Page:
1. "Online polls" here does not refer to stupid Twitter surveys or anyone-can-click-a-button polls at media websites.
Polling is a science that uses statistical analysis to gauge sentiment across a broad population by taking a small, representative sample from that population and asking specific questions. The analogy I like to use is having tests done at the doctor: She doesn't need to remove all of the blood from your body to figure out why you're sick. She just needs a small vial of it.
Conway is, by trade, a pollster. So when she says "online polls," she doesn't mean something like the poll below, which I put on Twitter.
My poll is obviously ridiculous, but no more ridiculous than any other poll that allows anyone from anywhere to vote as much as they want or to get all their friends to vote, too. As I write, Elvis Presley's ghost is outperforming Trump by a wide margin, but I don't think that's what an actual election would show. People could be voting in my poll from literally anywhere, for any reason. I'm supposed to think the results mean something? These online "polls" are like if you went to the doctor to figure out why you were sick and he used two pints of your blood, a gallon of his own, 10 drops from Vladimir Putin and also two Coronas.
Conway means scientifically weighted polls that are conducted using an online mechanism under rigorous circumstances, as opposed to traditional phone polling, in which a pollster calls various voters and asks them a battery of questions. It's those online polls — like those from YouGov, SurveyMonkey or Ipsos — that Conway suggests show Trump doing better, the theory being that having a real person ask if you like Trump is more unnerving than pressing a button indicating your support on an iPad. This is called the "Bradley effect," after Tom Bradley, who ran for governor in California in 1982. Polls showed him winning, but he lost, a change blamed on his being black. The idea was that people told pollsters they supported him so they wouldn't appear to be bigoted, but then didn't actually vote for him.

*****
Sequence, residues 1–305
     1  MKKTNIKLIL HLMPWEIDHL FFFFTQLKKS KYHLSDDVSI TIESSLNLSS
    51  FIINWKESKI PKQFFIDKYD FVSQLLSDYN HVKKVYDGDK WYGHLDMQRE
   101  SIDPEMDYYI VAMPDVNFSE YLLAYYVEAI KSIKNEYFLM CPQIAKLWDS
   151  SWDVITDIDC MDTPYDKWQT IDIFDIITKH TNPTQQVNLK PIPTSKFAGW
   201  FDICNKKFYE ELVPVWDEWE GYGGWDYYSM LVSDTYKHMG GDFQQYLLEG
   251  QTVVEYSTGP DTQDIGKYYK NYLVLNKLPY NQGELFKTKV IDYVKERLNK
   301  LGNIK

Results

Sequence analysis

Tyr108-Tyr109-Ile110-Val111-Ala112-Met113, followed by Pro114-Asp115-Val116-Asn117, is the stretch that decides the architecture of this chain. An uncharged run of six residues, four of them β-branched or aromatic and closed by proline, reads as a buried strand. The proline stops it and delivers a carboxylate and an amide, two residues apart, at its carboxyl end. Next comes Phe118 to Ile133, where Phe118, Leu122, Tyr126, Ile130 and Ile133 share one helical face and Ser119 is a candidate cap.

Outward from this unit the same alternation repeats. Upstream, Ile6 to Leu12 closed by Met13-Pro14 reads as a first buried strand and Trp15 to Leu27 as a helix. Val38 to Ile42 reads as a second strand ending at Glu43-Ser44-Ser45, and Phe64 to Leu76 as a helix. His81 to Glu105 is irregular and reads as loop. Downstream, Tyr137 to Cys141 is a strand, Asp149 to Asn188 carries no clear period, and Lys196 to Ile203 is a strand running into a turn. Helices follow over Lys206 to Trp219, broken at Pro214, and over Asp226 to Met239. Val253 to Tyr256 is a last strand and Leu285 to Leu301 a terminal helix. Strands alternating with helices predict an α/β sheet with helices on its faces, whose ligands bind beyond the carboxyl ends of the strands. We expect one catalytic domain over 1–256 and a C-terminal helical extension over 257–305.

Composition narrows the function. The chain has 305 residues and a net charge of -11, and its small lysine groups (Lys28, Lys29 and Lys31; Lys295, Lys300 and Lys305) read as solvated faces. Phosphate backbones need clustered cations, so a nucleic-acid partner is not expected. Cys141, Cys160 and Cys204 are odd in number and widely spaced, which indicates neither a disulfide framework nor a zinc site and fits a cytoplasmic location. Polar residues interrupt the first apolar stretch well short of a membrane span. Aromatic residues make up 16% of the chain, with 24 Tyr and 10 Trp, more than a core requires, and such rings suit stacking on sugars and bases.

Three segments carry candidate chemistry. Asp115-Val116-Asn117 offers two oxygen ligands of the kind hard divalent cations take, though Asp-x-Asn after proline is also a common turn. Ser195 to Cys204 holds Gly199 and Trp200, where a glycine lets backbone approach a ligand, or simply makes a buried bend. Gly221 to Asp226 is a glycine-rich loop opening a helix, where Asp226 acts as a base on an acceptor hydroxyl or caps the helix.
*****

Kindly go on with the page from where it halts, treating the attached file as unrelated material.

There's just one problem ...
2. Donald Trump is not performing better in online polls.
I pulled data on online polls (the real kind) and live-caller polls since the convention and going back several months. In the former case, the numbers showed that Trump was doing better on average in live-caller polls than online ones both during and after the conventions.
Over the longer time period, the trend was similar: Trump did better in live-caller polling.
This uses data from Huffington Post Pollster, so feel free to run the numbers yourself. In fact, here's what they show as I write: Trump's average in live-caller polling is 40.8 percent. In online polling? 40.6 percent.
Are there some online polls where Trump does better? Sure. But on average, he doesn't.
3. Since when are Trump fans bashful?
I'm not going to point out that Trump's supporters have at no point appeared to be timid wallflowers, because that doesn't need to be pointed out. But he led consistently in primary polling for months and ran close with Hillary Clinton for a long time. If the idea is that people are worried about expressing public support for Trump because he said contentious things, he said those things on literally the first day of his campaign. If you're worried about people who don't like Trump viewing you negatively for backing him, why is that something that just emerged?
Trump's electoral problem has always been that he brought a base of support into the general election and hasn't been able to expand it outward. The recent shift in polls after the conventions does reflect softer support from Republican voters, and it is the case that even big chunks of his own party see Trump as biased against women and minorities.
But is it more likely that hundreds of individuals independently felt nervous about telling a pollster in an anonymous survey that they were supporting Trump? Or is it more likely that Trump actually saw his support dip after a Democratic convention that hit Trump hard and a Republican convention that Gallup found turned off more voters than attracted them? Especially given the lack of difference between online and live polling, it's safe to assume the latter.
Conway's job, at its heart, isn't to be truthful. It's to win the campaign. And to win the campaign, she needs people to believe it's winnable. And that means explaining away Trump's bad poll numbers.
But we don't have to believe it.